Monday, June 13, 2022

The Private Life of Sherlock Holmes – Eureka Video (Blu-ray)

Theatrical Release Date: UK/USA, 1970
Director: Billy Wilder
Writers: Billy Wilder, I.A.L. Diamond
Cast: Robert Stephens, Colin Blakely, Geneviève Page, Christopher Lee, Tamara Toumanova, Clive Revill, Irene Handl, Mollie Maureen, Stanley Holloway

Release Date: January 22nd, 2018
Approximate running time: 125 Minutes 21 Seconds
Aspect Ratio: 2.35:1 Widescreen / 1080 Progressive / MPEG-4 AVC
Rating: PG (UK)
Sound: LPCM Mono English
Subtitles: English SDH
Region Coding: Region B
Retail Price: £14.99 (UK)

"Sherlock Holmes (Robert Stephens) and Dr. Watson (Colin Blakely), are tasked with locating the missing husband of a mysterious woman fished out of the River Thames. The course of their investigation leads them to Scotland and encounters with a group of monks, some dwarfs and even the Loch Ness Monster. Can Holmes and Watson crack the case?" - synopsis provided by the distributor

Video: 3.5/5

The Private Life of Sherlock Holmes comes on a 50 GB dual layer Blu-ray.

Disc Size: 40.7 GB

Feature: 34.1 GB

Though this transfer comes from the same master that was used for Kino Lorber’s 2014 Blu-ray, it is a stronger encode that gives about twenty more GB’s to the main feature. That said, the source is not without its shortcomings. There are very minor instances of print debris, the image at times looks too soft, colors are good but could look better, and black levels are adequate.

Audio: 3.75/5

This release comes with one audio option, a LPCM mono mix in English, and included with this release are removable English SDH subtitles. The audio sounds clean and balanced, and range-wise, ambient sounds are well-represented.


Extras for this release include a theatrical trailer (3 minutes, LPCM mono English, no subtitles), an interview with editor Ernest Walter (28 minutes 40 seconds, LPCM stereo English, no subtitles), an archival interview with Christopher Lee titled Christopher Lee: Mr. Holmes, Mr. Wilder (15 minutes 17 seconds, LPCM stereo English, no subtitles), an audio only extra titled Deleted Epilogue Scene (6 minutes 20 seconds, LPCM mono English, no subtitles), a presentation of the film's deleted sequences, using script excerpts, production stills and surviving film footage titled The Missing Cases (50 minutes 3 seconds, LPCM mono with music from the film playing in the background), an interview with film scholar Neil Sinyard (20 minutes 45 seconds, LPCm stereo English, no subtitles), and fifty-two page booklet with cast & crew information, an essay titled Far from elementary - the vicissitudes of Wilder’s Sherlock Holmes written by Philip Kemp, an article titled The Curious Case of the Missing Footage written by Trevor Willsmer and information about the transfer titled Notes on Viewing.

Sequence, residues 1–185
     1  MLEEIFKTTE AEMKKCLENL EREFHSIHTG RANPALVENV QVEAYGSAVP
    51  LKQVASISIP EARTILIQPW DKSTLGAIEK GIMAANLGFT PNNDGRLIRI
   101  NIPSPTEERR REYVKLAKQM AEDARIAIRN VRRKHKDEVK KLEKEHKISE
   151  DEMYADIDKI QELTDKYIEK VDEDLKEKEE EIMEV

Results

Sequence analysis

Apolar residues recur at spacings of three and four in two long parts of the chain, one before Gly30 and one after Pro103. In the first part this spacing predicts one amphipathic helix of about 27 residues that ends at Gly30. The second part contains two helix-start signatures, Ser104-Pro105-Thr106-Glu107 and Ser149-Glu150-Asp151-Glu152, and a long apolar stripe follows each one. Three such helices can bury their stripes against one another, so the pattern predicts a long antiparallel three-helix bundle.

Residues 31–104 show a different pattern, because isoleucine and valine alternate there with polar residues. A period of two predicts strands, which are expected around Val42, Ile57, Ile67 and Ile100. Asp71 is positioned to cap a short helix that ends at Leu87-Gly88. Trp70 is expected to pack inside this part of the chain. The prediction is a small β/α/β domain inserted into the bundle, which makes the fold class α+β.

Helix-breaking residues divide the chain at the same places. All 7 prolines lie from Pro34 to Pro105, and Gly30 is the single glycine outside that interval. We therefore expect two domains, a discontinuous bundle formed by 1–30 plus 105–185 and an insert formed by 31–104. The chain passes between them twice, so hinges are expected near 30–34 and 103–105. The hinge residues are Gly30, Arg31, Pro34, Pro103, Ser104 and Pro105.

Though Sherlock Holmes has been adapted numerous times, it is safe to say that there has never been an adaptation of Sir Arthur Conan Doyle’s literary creation Sherlock Holmes like Billy Wilder’s The Private Life of Sherlock Holmes.

Content wise, The Private Life of Sherlock Holmes has many of the elements that are synonymous with the cinema of Billy Wilder. Most notably, humorous scenarios and witty dialog, which also contribute to some of the humor. That said, despite the elements of humor throughout, to call The Private Life of Sherlock Holmes a satire of Sherlock Holmes would be doing this film a great disservice.

Most films about Sherlock Holmes are adaptations of stories, or at least loosely based on stories written by Sir Arthur Conan Doyle. The Private Life of Sherlock Holmes is a new adventure concocted by Billy Wilder and I.A.L. Diamond. Though The Private Life of Sherlock Holmes is a new Sherlock Holmes adventure, it never strays away from Sherlock Holmes' identifiable character traits and obsessions.

The Private Life of Sherlock Holmes features a strong cast who are very good in their roles, especially Robert Stephens’ (A Taste of Honey) portrayal of Sherlock Holmes. He delivers a perfectly pitched performance that captures the essence of Sherlock Holmes. Notable cast members include Christopher Lee (The Wicker Man) in the role of Sherlock Holmes’ brother; Stanley Holloway (My Fair Lady) in the role of a gravedigger; and Geneviève Page (Belle de Jour) in the role of a mysterious woman who hires Sherlock Holmes to find her missing husband.

From the get-go, it is clear that what is about to unfold is going to be a wild ride. The tongue-in-cheek opening credits are filled with the subversive humor that one has come to expect from Billy Wilder. And a briskly paced narrative that has a few well-placed moments of misdirection ensures there is rarely a dull moment. Ultimately, The Private Life of Sherlock Holmes is arguably Billy Wilder’s most underrated film, and even though Billy Wilder’s version of the film never saw the light of day, even in its current form, The Private Life of Sherlock Holmes is a highly entertaining film that holds up really well.

Though the audio/video presentation leaves room for improvement, this release from Eureka Video is The Private Life of Sherlock Holmes' best home video release to date, recommended.

Written by Michael Den Boer

No comments:

Post a Comment

Note: Only a member of this blog may post a comment.

The Righteous – Arrow Video (Blu-ray) Theatrical Release Date: Canada, 2021 Director: Mark O'Brien Writer: Mark O'Brien Cast: Henry...